Social media has been in a frenzy ever since a video of Lawmaker Desmond Elliot at a plenary session in the Lagos State House of Assembly emerged on the internet. In the video recording, the actor who is representing Surulere Constituency I called Nigerian Youths “Children” and asked that the parliament regulate the social media space. He said that this was to be done for the peace and unity of the country.
As expected, the lawmaker received a backlash from Nigerians about his statement. His statement has brought a refocus on the Social Media Bill. Bill that many Nigerians, including celebrities, have been speaking out against the bill.
Those in diaspora haven’t also been left out. One of those who have been at the forefront of the campaign is popular Nigerian-Canadian Celebrity – Sandra Idubor. The beautiful actress, singer and talk-show host hasn’t failed to express her distaste of the bill in the past.
Which was why after the Desmond Elliot saga, Dihamy TV decided to interview her and pick her thoughts about the Anti-social media bill. The interview was conducted over video call. Here is what transpired in the interview:
Interviewer: It is nice speaking to you again ma’am.
Sandra: (Smiles) Yeah…it is good to hear from you too.
Interviewer: (Clears throat). Without further ado, let me go straight to the point. What is your take on the “Protection From Internet Falsehood and Manipulations and Other Related Matters 2019” bill dubbed Social Media Bill?
Sandra: (Shakes head). It just doesn’t make sense. How can we claim to be in a democracy and have such a law hanging over our heads? Tell me, how?
Interviewer: So you are implying that the bill should be scrapped.
Sandra: Most certainly, yes. It shouldn’t be passed into law. The bill is just a ploy by the government to censor the media space. They are trying to make life difficult for Nigerians.
Interviewer: (Cuts in) Difficult?
Sandra: (Nods her head). Yes, difficult. Isn’t that obvious? Okay let’s take a look at the bill itself. The bill prohibits statements on social media deemed “likely to be prejudicial to national security” and “those which may diminish publish confidence” in Nigeria government. It proposes that these offenses be punishable by a fine, a prison sentence of three years, or both. The bill also seeks to allow law enforcement agencies to order internet service providers to disable internet access. Can you now see that the bill is devious?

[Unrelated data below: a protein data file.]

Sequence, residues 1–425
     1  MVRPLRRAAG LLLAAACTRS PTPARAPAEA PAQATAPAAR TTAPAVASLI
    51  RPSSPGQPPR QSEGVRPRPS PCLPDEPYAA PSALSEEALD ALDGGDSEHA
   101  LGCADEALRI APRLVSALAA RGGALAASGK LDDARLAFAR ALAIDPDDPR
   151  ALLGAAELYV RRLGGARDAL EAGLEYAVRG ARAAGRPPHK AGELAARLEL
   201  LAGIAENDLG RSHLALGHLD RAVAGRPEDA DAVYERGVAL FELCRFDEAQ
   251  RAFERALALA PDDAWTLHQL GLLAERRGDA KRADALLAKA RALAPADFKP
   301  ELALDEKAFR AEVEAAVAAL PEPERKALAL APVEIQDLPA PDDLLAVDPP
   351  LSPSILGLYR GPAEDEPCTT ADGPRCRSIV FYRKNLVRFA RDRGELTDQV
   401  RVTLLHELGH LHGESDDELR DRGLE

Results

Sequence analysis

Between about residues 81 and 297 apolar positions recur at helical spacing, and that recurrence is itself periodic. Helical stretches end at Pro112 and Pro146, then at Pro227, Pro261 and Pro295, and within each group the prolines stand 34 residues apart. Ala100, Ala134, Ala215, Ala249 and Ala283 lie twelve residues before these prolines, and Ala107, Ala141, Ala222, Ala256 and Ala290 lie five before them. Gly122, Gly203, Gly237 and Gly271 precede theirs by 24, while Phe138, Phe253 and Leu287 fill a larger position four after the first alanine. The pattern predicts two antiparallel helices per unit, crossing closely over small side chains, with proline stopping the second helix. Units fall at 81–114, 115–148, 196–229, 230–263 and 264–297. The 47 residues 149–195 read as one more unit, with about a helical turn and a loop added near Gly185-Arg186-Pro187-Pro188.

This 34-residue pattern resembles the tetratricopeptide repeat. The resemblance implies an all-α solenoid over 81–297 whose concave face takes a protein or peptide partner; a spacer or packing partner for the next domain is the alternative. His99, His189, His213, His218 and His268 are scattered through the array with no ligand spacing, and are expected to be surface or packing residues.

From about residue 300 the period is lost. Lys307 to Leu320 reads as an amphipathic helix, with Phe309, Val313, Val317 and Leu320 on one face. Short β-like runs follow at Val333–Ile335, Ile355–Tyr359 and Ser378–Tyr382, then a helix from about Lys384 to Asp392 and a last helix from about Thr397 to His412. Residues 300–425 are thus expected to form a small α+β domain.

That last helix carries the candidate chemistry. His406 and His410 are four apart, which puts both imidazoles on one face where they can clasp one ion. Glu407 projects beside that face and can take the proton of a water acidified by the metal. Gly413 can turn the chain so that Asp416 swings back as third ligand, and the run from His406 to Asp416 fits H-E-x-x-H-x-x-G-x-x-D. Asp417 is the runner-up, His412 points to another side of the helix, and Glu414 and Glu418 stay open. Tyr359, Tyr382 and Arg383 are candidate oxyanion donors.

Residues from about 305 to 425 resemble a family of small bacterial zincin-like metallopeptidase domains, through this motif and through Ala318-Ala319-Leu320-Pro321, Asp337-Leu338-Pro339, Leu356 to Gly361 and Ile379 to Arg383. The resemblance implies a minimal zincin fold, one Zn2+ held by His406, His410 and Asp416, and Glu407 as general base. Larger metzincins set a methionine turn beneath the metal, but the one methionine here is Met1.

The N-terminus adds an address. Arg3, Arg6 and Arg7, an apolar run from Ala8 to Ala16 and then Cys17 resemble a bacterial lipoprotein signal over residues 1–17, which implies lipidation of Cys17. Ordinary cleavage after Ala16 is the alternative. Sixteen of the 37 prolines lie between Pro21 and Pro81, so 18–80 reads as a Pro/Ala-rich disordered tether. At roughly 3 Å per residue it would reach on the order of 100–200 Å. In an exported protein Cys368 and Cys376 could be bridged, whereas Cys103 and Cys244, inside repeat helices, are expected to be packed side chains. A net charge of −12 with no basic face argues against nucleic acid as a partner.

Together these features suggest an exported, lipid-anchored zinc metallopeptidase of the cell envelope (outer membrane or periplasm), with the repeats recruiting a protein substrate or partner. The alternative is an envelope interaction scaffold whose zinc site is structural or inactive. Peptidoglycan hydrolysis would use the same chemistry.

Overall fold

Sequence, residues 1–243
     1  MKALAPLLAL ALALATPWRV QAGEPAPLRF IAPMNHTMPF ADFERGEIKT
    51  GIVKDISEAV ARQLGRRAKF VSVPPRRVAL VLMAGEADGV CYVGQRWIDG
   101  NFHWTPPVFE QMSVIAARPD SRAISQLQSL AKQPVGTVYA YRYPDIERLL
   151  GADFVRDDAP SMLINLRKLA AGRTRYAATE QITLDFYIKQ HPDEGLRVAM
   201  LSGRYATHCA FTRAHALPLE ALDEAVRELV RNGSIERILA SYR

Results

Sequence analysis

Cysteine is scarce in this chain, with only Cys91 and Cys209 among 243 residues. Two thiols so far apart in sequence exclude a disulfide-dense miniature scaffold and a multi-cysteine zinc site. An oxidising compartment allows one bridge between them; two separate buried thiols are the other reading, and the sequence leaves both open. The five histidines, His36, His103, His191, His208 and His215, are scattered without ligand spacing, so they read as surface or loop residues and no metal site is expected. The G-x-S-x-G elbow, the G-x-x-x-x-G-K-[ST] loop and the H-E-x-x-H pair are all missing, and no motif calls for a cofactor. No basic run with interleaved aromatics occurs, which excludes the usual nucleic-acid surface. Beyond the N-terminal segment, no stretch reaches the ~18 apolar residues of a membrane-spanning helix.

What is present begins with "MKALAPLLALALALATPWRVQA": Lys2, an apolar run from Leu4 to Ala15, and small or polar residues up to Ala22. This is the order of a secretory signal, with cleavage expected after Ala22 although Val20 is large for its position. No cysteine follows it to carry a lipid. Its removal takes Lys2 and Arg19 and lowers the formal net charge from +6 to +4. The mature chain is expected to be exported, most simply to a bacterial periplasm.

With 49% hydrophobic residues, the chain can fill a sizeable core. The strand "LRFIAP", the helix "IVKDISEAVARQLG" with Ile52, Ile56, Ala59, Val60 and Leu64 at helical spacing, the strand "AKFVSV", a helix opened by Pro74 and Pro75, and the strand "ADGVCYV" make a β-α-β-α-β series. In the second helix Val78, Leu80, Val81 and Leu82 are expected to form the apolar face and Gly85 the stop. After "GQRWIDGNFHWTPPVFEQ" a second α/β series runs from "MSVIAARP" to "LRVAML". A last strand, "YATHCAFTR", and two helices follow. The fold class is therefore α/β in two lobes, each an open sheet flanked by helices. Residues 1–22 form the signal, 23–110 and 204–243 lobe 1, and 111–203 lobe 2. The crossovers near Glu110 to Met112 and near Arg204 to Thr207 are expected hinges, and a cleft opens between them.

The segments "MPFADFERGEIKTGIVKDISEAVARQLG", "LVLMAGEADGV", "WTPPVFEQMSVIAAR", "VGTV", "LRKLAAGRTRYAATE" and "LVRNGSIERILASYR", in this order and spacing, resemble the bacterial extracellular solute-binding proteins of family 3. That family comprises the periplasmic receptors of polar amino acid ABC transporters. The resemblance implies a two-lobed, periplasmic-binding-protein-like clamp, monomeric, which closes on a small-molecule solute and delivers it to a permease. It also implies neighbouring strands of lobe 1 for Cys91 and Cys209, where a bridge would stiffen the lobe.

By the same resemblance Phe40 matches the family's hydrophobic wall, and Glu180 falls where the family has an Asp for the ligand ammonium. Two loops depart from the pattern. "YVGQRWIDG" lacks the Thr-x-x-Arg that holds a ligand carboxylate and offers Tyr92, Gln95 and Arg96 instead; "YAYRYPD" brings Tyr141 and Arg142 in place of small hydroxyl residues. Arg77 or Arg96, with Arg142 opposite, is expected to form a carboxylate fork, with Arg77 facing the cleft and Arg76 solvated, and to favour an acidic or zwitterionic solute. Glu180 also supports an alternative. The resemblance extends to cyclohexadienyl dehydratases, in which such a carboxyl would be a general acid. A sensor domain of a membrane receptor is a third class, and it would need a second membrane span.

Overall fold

Interviewer: (Chuckles). I get your point ma’am. But your use of the word – devious. Doesn’t it sound too harsh?
Sandra: No, it isn’t. The bill is just a ploy by the government and corrupt politicians to prevent citizens from speaking out against them. These politicians already own most of the media houses and the news coming from there is mostly biased. Social Media is where the truth gets to be told. It is where Nigerians gets to express their views about certain issues. A place where Nigerians can call out their leaders for any wrong doing right from the comfort of our homes or offices. Now they want to take this little privileges from us too. (Frowns)
Interviewer: Wow! I see you are really passionate about this topic.
Sandra: Why won’t I? I am a patriotic Nigerian despite the fact that I live overseas. This issue concerns me too. The bill is just a means by the government to intimidate the citizens from talking against them. They just want to silence any form of opposition. Which is wrong? We are in a democracy not an autocratic rule, for God sake. There should be freedom of speech. I shouldn’t fear for my safety because I decided to express my view. It is wrong and shouldn’t be so.
Interviewer: Have you watched the Desmond Elliot video?
Sandra: Yes, I have.
Interviewer: Good. So, what is your take on his utterances? Seeing the fact that is a fellow celebrity.
Sandra: (Sighs) To be frank with you, the man was wrong to have made such statements. Especially the part he called Nigerian Youths, “Children.” That was uncalled for. The same social media space he wants to be regulated was what he leveraged on when he was campaigning for office. Nevertheless, he has realized his mistakes and tendered an apology to Nigerians.
Interviewer: Okay…Back to the bill. What is the way forward? Do you think anything can be done to stop its passage?
Sandra: Yes. It can be stopped. And it will be stopped. So far we keep speaking about it and ask the lawmakers representing us to vote against the bill. Which is why I even granted this interview? We won’t get tired of talking about it.
Interviewer: (Smiles) It has been quite an engaging conversation. Do you have any closing remarks for the readers?
Sandra: Sure I do. And it is mostly for the youths. We should strive to get out PVCs ahead of the 2023 elections. It is the only way we can vote out this crop of old and corrupt politicians and vote the leaders we desire. Leaders who will help achieve the New Nigerian Dream. Come 2023, we are going to put an end to bad governance. Thank you.
Interviewer: Well…well…it has been lovely talking with you. Do hope we can do this some other time.
Sandra: (Grins) The pleasure is all mine. I would also love to do this some other time. Thanks for having me.